It has been one year since this all began. The earthquake at its' epicenter was hundreds of kilometers away, and I was completely inland. Yet the feeling of disaster and panic surrounding me scared me to a point that took a long time of recovery. It changed the core of me, how I felt the impending doom any second. We knew there could be, and would be more earthquakes. The world inside of me was crumbling from the outside in.
Everyone here has done nothing but their absolute best to work with the situation. I cannot help but think of the events of this past year leading up to now. Honestly, it ended and began chapters of my life in a very difficult way. For many others it was much more difficult, and I hold nothing but the highest praise for those people.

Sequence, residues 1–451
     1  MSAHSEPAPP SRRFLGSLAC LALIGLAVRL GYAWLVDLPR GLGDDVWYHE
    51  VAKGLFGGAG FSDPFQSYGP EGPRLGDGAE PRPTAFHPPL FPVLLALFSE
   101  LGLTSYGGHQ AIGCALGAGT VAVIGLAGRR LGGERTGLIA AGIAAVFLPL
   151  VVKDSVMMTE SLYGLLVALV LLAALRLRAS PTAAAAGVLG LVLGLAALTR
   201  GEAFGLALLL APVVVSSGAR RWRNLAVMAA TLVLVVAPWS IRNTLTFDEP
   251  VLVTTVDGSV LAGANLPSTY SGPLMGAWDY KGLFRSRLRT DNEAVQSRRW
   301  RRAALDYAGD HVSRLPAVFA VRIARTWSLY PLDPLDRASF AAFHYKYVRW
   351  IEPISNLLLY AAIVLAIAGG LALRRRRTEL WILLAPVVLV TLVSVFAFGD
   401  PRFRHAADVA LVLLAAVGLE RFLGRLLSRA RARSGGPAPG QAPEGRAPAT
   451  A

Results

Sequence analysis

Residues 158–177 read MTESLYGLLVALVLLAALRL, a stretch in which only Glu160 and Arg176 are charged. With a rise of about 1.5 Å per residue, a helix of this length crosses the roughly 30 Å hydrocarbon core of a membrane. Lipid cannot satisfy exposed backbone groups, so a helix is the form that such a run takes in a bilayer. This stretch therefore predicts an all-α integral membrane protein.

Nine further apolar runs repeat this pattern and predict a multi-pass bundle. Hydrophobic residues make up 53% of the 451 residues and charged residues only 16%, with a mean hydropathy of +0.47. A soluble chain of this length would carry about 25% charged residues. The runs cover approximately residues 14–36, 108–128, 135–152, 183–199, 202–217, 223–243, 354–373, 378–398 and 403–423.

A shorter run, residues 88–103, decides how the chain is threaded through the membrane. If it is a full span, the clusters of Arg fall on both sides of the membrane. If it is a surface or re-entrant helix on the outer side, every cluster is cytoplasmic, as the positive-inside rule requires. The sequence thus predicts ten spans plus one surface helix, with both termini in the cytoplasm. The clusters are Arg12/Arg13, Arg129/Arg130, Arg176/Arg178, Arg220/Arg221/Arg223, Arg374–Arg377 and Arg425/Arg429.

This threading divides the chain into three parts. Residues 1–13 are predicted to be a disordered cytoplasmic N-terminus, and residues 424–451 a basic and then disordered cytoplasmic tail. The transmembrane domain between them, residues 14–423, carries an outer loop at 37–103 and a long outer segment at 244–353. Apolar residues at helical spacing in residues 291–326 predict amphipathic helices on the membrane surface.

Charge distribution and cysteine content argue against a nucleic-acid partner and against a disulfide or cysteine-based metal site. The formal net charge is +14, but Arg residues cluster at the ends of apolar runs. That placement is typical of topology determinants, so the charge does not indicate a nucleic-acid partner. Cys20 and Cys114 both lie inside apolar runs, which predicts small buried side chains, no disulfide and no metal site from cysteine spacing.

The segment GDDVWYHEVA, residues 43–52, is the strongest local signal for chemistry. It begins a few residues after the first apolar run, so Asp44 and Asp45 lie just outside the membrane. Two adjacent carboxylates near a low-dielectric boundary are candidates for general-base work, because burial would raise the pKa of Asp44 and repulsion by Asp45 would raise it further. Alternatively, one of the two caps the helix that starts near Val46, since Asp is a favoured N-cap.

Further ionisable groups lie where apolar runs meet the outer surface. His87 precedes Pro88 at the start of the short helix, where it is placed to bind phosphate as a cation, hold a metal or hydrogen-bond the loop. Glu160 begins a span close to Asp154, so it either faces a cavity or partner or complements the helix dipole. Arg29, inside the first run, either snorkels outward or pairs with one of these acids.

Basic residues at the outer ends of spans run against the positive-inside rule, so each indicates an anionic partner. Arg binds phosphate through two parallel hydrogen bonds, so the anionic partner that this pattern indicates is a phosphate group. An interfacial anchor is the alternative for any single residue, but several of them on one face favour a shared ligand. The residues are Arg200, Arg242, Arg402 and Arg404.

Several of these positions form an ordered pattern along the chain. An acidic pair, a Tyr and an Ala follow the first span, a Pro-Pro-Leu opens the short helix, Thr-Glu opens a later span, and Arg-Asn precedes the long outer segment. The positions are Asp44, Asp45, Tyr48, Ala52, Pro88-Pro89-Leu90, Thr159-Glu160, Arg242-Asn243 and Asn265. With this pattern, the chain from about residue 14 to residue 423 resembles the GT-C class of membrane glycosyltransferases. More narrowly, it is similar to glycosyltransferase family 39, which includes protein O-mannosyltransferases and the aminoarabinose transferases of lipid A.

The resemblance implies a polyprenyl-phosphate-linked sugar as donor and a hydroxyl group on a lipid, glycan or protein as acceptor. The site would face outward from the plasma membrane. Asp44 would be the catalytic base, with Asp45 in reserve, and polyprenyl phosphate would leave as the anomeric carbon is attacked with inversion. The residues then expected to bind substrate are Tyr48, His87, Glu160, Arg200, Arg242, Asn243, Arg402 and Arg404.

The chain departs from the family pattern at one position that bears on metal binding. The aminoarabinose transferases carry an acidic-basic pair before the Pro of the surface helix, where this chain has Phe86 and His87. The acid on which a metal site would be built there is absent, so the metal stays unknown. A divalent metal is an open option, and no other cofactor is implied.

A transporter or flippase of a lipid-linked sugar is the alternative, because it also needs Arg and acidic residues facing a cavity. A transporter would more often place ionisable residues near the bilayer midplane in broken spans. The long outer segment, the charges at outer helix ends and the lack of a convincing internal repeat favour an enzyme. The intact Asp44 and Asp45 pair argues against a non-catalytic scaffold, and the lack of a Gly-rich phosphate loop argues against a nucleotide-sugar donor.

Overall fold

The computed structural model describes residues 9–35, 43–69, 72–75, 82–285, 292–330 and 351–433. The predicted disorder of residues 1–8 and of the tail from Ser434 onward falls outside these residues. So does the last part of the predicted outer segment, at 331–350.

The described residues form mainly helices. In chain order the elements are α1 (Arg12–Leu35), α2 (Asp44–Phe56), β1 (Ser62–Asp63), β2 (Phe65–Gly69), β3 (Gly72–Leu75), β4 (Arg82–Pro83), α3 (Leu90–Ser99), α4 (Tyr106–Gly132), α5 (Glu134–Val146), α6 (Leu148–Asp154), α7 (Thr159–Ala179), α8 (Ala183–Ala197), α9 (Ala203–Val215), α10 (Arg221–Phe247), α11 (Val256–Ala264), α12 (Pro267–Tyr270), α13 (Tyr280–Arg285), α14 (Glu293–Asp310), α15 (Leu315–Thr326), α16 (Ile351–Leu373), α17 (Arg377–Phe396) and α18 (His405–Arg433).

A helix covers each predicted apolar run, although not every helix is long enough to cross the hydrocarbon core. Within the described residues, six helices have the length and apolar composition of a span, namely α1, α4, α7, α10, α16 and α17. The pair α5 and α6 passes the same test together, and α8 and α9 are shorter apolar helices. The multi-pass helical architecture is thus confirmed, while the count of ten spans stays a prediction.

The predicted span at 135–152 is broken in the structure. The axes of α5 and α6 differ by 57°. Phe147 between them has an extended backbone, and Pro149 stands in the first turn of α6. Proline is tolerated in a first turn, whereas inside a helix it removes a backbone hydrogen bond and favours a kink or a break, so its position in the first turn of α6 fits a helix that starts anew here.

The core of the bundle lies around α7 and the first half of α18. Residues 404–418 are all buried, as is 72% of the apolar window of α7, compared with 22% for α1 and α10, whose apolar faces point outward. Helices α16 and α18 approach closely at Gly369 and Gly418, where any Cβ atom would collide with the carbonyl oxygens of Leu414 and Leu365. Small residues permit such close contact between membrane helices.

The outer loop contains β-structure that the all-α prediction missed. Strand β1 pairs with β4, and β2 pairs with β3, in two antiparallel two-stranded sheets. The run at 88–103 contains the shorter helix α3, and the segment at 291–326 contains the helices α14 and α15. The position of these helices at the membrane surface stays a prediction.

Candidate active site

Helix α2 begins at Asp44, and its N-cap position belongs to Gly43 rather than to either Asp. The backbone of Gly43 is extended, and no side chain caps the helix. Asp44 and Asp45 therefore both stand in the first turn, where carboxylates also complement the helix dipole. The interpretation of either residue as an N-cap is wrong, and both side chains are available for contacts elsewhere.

I hope that from here on out, no matter how hopeless any situation may seem, we understand that the best we can do in any situation is always simply the best that we can do. In this world, the toughest decision we face, is a decision itself. Never let anyone dictate it for you, because it is only up to you how to live happily. I can't say I don't think about how I returned to America, but it was very necessary for the point that I was at. It is because of that return, that I realized how much Japan truly means to me, and how in the end, I couldn't let it go, even if it meant fighting with the atmosphere around me. Now we have come so far, I hold nothing but the highest respect for the way the people of this country have moved forward, and continue to do so.